Tuesday, March 17, 2009

The Night of the Generals?

Eight (or nine, by some reports) Brigadier Generals of the Nepal Army (NA) have been retired by the Government, despite the recommendation of the Chief of Army Staff (COAS to extend them. They were all eligible for 3-year extensions upon completion of their 5 year term.

That a few Brigadier Generals, from a pool of 50+, retire is not an earth-shaking event. The Government has always reserved the prerogative to retire or extend senior army staff, quite apparent also during the days when Kings were the Supreme Commander of their Royal Nepal Army. So there is also no lack of precedence.

But the political complexities of present Nepal cast a different meaning on these recent retirements. The decision has been taken by the Prime Minister and the Defense Minister, both Maoist leaders who have their own private army - the "People's Liberation Army" (PLA) - behind them. Maoist rhetoric has even gone so far as to propose that the Nepal Army be replaced by the PLA as the national army. It is in the interest of the Maoist party to weaken the Nepal Army in any way possible. The growing rift between the Defense Minister and the Chief of Army Staff is apparent to all. This morning's paper states that the President, who is now supposed to be the Supreme Commander of the NA, has advised the COAS to "knock on the doors" of the government to press his request to extend the generals, since the President's own powers are "limited". This from a President from the Nepali Congress party which is supposed to be the main opposition to the current government!

Let's call a spade a spade. The continuing existence of the PLA is a sore festering on the peace process of Nepal. The NA is now the only institution between some sort of order and complete anarchy in the country. Let us hope that COAS Katwal has the strength of conviction and love for this country to do what needs to be done.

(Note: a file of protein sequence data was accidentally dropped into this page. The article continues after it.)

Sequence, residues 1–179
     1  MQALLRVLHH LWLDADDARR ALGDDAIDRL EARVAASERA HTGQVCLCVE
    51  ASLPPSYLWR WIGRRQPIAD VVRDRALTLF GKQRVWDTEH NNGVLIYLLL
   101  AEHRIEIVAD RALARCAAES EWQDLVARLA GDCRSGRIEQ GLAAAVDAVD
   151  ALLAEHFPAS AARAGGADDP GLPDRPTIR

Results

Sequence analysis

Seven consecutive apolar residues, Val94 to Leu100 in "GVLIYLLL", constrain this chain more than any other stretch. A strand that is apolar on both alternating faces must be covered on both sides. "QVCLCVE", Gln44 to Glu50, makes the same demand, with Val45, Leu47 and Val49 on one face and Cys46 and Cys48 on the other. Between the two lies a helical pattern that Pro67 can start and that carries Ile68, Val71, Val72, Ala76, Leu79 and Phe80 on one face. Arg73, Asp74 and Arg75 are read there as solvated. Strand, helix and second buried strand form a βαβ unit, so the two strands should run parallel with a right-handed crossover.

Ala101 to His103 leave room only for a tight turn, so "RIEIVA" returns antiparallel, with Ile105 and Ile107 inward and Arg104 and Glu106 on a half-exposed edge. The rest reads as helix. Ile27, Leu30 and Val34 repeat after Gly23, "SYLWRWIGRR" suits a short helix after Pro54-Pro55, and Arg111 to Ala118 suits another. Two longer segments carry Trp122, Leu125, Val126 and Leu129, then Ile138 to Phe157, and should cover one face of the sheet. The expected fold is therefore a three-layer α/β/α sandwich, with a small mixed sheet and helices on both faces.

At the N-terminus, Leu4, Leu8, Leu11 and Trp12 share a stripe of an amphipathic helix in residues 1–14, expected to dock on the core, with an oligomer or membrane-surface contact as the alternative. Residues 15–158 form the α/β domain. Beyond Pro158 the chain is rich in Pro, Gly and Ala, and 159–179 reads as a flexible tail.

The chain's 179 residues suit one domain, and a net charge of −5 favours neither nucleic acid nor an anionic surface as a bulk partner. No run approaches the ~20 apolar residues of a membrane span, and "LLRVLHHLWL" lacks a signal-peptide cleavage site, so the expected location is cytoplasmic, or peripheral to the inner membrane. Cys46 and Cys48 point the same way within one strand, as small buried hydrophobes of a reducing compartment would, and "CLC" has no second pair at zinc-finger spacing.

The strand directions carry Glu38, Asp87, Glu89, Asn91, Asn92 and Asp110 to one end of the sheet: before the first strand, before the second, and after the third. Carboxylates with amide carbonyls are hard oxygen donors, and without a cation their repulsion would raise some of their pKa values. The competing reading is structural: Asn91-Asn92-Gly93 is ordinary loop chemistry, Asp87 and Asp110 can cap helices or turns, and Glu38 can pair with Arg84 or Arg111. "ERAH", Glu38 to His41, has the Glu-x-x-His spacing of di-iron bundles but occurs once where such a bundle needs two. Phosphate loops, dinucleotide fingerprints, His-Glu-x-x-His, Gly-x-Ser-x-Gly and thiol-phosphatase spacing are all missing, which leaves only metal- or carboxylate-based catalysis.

Anonymous said...

Hi Horatio,
While disagreeing with the Defense Ministers decision regarding the retirement and cognizant of the political ramifications, we should remind ourselves that he has the right to take the decision. As per official rules there is no need for the Defence Ministry to agree to all recommendations from the army. This is an expression of civil control over the military. Other wise why have a ministry. And in this case why have the 4+3 rule if everyone is to be extended.

Subodh said...

It is more like the night of the long knives. Slowly the battle is being lost. Ke Garne? I don't need to remain anonymous.

Anonymous said...

There should be the Board to recommend the General's appointment, term extension and the promotion. The Board should consist of Prime Minister, Chief Justice, Defense Minister, Opposition leader and CoAS. The CoAS should be given every right to table the names of the qualified persons and the Board will examine the qualifications of the recommended names. In this way, Civilian control over the Army and the rights of the Army would be established.